Church History
43 A Greater Necessity for Union

“A Greater Necessity for Union,” chapter 43 of Saints: The Story of the Church of Jesus Christ in the Latter Days, Volume 2, No Unhallowed Hand, 1846–1893 (2020)

Chapter 43: “A Greater Necessity for Union”

Chapter 43

A Greater Necessity for Union

Two men shaking hands

In September 1892, Francis Lyman and Anthon Lund arrived in St. George, Utah. For several weeks, the two apostles had been visiting wards and counseling Saints throughout central and southern Utah. As the Salt Lake temple neared completion, the First Presidency and the Twelve had begun encouraging the Saints to be more united. But rather than finding harmony and goodwill in their travels, Francis and Anthon had often found wards and branches rife with discord. St. George was no different.1

Much of the contention arose from politics. For decades, the Saints in Utah had voted for local candidates in the People’s Party, a political party composed mainly of Church members. But in 1891, Church leaders disbanded the People’s Party and encouraged the Saints to join either the Democrats or the Republicans, the two parties that dominated United States politics. These leaders hoped more political diversity among the Saints might increase their influence in local elections and in Washington, DC. They also believed diversity would help the Church achieve such goals as Utah statehood and general amnesty for Saints who had entered into plural marriages before the Manifesto.2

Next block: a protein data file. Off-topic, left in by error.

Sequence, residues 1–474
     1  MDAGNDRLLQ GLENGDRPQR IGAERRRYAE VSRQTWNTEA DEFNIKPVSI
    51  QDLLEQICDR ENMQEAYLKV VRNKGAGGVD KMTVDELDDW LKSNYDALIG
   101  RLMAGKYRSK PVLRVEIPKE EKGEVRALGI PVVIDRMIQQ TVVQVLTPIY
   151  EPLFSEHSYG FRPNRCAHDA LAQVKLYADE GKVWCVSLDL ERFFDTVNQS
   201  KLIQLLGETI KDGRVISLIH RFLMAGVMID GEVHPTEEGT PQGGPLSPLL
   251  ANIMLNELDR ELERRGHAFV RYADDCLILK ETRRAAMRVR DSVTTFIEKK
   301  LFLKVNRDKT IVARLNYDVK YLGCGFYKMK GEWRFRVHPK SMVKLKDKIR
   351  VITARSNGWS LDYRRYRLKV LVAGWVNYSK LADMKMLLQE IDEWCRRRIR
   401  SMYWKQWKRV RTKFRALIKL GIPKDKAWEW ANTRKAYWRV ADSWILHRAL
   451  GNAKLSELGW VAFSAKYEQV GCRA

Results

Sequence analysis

But now, for the first time, Saints were caught up in heated battles with one another over differing political views.3 The conflict troubled Wilford Woodruff, and he had urged the Saints at the April 1892 general conference to stop their bickering.

“Every man has as much right—prophets, apostles, saints, and sinners—to his political convictions as he has to his religious opinions,” Wilford had declared. “Don’t throw filth and dirt and nonsense at one another because of any difference on political matters.”

“That spirit will lead us to ruin,” he warned.4

In St. George, as elsewhere, most Saints believed they should join the Democratic Party, since the Republican Party had typically led antipolygamy efforts against the Church. In many communities, the prevailing attitude was that a good Latter-day Saint could never be a Republican.5

Wilford Woodruff and other Church leaders wanted to challenge this view, especially since the United States was being governed at the time by a Republican administration.6 As Anthon and Francis learned more about the situation in St. George, they wanted to help the Saints understand that they could differ politically without creating bitterness or division within the Church.

During an afternoon priesthood meeting, Francis reminded the men that the Church needed members in both political parties. “We don’t want anyone who is a Democrat to change,” he reassured them. But he said that Saints who did not feel strong ties to the Democratic Party should consider joining the Republicans. “There is much less difference between the two parties than at first thought,” he noted.7